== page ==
Whisky Stramashing Through Edinburgh

The end of May and beginning of June of 2015 found me in Scotland’s most charming (and most touristy) city. Edinburgh is made up of the Old Town and the New Town, and I can tell you right now the Old Town is where the magic happens. I had a week to make the city my own, but here are the highlights you can do in just a couple of days.


First of all, the Edinburgh Castle is a force of a medieval structure that has presided over the city since 850 BC. Paying for the castle tour is well worth it, especially for the VIEWS. As someone who’s grown up in a 200-year old country, anything that was built before the AD years really gets my goat. To top that off, the castle was built on a 700 MILLION year old extinct volcano. The earth is a crazy place.


And speaking of views, the only point in Edinburgh perhaps more popular than the castle is St. Arthur’s Seat. The hike to the summit is beautiful and green (wear proper shoes though, it’s no joke) and the top delivers sweeping views of both the city and the North Sea. My companions and I did the hike just before sunset, which meant that our descent was just in time for a proper whisky stramash.


Stramash is my favorite word thanks to the Scots, which can mean either a racous uproar, or a whisky tasting. I imagine stramashes often lead to stramashes. We tasted (and straight up drank) plenty of Scotch whisky over that week, and my favorites were the Highland varieties (“women’s Scotch,” one bartender told me. Yeah yeah yeah, I reject your stereotypes but at the same am accept that I fall into them).


Next up on the Scottish alcohol tour: The Jolly Botanist gin bar. Ignorant American that I am, I associated gin with England and not at all with Scotland, but Scottish gin was delicious (and cheap!) I especially loved elderflower gin, and should have brought a whole bottle back but unfortunately they didn’t make carry-on sizes of the flavored varieties. Sometimes, sometimes only bringing carryons can come back to bite you. Never fear, though, plenty of mini bottles of Highland Scotch and un-elderflower gin did make it back.IMG_1889An important thing to note about Edinburgh: restaurants close at around nine pm or so, make sure you eat accordingly. (Bars and pubs will stay open later, but late night food is not readily available outside of Tesco.) This can be especially confusing in the summer, since the sun goes down so late. My internal clock always wanted fish and chips at 10:30 pm, alas.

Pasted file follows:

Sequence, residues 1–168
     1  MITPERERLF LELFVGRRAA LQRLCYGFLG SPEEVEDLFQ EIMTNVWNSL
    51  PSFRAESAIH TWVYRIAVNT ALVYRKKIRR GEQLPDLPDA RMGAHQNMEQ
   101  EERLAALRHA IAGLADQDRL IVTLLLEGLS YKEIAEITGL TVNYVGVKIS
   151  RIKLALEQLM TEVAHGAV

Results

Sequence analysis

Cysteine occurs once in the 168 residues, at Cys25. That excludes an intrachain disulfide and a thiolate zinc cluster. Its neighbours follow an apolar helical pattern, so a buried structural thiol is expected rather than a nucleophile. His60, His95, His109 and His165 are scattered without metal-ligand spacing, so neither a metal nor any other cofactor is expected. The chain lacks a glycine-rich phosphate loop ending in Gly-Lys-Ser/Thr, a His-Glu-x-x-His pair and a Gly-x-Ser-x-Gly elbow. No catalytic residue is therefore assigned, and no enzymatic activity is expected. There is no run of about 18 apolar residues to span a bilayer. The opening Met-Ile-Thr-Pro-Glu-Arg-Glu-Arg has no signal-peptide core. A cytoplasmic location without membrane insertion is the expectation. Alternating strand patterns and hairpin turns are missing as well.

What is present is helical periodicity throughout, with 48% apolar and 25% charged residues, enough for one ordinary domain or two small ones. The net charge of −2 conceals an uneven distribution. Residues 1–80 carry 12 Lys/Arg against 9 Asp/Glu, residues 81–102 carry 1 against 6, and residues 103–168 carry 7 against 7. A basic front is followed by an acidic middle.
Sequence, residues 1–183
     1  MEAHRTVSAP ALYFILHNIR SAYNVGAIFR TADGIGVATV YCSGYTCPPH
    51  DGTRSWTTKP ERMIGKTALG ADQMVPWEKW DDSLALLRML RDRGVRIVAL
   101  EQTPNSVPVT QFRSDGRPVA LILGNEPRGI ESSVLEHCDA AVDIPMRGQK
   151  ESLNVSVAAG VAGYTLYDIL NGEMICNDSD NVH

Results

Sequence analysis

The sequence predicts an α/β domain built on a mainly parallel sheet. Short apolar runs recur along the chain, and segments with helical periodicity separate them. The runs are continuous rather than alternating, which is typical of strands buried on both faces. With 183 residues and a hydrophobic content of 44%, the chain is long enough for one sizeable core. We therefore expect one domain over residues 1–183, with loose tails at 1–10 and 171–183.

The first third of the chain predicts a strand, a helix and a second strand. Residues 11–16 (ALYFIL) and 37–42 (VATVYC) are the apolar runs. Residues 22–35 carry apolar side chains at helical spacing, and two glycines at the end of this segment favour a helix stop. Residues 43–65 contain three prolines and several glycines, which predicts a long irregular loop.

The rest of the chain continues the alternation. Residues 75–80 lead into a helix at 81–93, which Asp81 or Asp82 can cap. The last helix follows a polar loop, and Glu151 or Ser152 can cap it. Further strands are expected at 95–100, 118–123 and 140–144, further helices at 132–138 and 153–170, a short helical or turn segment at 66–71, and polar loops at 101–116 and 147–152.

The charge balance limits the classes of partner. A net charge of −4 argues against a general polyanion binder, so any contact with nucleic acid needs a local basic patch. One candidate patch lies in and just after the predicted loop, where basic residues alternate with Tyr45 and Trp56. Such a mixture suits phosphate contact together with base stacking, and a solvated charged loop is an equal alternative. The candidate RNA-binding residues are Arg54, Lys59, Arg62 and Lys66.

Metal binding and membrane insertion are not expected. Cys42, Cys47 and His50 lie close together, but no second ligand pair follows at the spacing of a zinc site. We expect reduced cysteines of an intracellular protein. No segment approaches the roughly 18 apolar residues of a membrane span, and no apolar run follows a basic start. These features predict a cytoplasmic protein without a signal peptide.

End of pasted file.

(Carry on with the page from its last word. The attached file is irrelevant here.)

Thankfully, there are always the funky UK candy options when you’ve missed kitchen final calls.

Edinburgh old town makes for some incredible walking. Streets curve, they’ve got banners, their tops are multicolored. And for Harry Potter fans (ahem, moi), the city is full of fandom gold mines. There’s the Elephant House, where JK Rowling allegedly wrote the first book (it turns out this is one of the cafes where she wrote; the real original doesn’t exist anymore so Elephant House gets to claim the title. It was definitely exciting enough for me to feel the magic when I wrote there.

Around the corner from Elephant House is Greyfriar’s Bobby and the adjoining cemetery where JK filched (see what I did there) a lot of the names of her characters. You’ll find McGonigal and Tom Riddle himself buried in these grounds.